Before you start writing, create a report outline in the client’s preferred platform (usually PPT or Word) based on what was discussed in the meeting – sometimes this varies slightly from the original agenda. You can also slot in the agenda, participant list, any supplementary materials, and a placeholder slide for the Executive Summary.

Each report will follow similar structure:

  1. Title slide: Report title, date of meeting, job code (depending on client).
  2. Introduction: Background information, e.g., agenda, participant details (sometimes these go into the appendices).
  3. Executive Summary: Brief overview of the report’s contents and key findings, usually action-focused.
  4. Summary of meeting: Structured summary of each section of the meeting, including important decisions made and quotations to demonstrate key points.
  5. Summary / Next Steps: Summary of key points and next steps.
  6. Appendices: Additional material, such as supplementary documents.

When I create a report, I also include an ‘internal’ slide or two, to summarise learnings and next steps for the sponsoring client, which is usually an independent pharmaceutical or medical device company.

Draft the main body of the report

With your outline in hand, you can begin drafting the main sections of your report. Focus on presenting information logically and coherently, supporting your points with quotations and concrete examples. Remember the following top tips:

  • Avoid unnecessary jargon and keep sentences straightforward
  • Include quotations to demonstrate key points
  • Consider incorporating charts, graphs, and tables to make complex information more digestible
  • If you reference studies, data, or other external information, provide proper citations.

Write the rest of the report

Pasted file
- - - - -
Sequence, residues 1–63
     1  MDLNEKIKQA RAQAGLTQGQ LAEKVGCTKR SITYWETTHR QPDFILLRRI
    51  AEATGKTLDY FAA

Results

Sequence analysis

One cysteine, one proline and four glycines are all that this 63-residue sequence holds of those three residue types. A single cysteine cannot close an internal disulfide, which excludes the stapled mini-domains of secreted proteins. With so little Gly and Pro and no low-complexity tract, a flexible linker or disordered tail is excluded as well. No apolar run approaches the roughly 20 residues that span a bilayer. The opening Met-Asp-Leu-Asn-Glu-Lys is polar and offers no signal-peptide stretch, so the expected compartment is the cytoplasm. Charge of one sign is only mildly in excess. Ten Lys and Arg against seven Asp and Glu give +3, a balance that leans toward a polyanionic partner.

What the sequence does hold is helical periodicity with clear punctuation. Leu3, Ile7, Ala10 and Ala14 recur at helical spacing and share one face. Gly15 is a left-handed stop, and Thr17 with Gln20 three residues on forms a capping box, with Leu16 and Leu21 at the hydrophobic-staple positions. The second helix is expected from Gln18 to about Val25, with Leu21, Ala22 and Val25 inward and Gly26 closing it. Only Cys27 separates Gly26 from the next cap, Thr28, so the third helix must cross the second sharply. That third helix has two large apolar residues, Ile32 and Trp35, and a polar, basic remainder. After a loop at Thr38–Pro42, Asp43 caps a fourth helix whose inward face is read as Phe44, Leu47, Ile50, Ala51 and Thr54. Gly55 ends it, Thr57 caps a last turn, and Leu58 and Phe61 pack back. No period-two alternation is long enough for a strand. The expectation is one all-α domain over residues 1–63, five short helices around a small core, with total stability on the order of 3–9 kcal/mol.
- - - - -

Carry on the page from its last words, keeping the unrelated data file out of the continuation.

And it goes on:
Executive Summary

The executive summary is a crucial component of your report. It provides a snapshot of the document, allowing readers to quickly grasp the main points and key findings. Although it appears at the beginning, it’s often easiest to write after completing the rest of the report. Components of an Executive Summary are as follows:

  • Purpose: Why the report was created.
  • Key findings: The most important data or insights.
  • Conclusions: What the findings mean.
  • Recommendations: Suggested actions based on the conclusions.

Conclusion / Next Steps

This section should succinctly summarise the key points of the report and reiterate any recommended actions. It should leave the reader with a clear understanding of the next steps.

Review and Revise

Before sending out your report, thoroughly review and revise it. Check for clarity, coherence, and accuracy. Double-check sections of the meeting recording if anything is missing or unclear.


Writing effective reports for patient advocacy group meetings is a skill that combines clear communication, thorough research, and strategic thinking. By following these steps, you can create reports that inform, engage, and drive meaningful action.

A well-crafted report not only conveys information but also empowers groups to advocate more effectively for patients and their needs.


Thank you for reading this far. If you are interested in hearing more about my writing services, drop me a note with the CONTACT button above.

You may want to read other blogs from my Projects Series: this one is all about editing transcripts.

I also offer one-to-one mentoring for freelance writers. Get in touch if you’re ready to take your business to the next level!

related posts

Let’s talk.

Drop me a line to find out more about me, my rates and availability, and how we could work together. 

You can find me on:
A note from me:

I work Tuesday through Friday. I’ll aim to get back to you within 24 hours during the working week.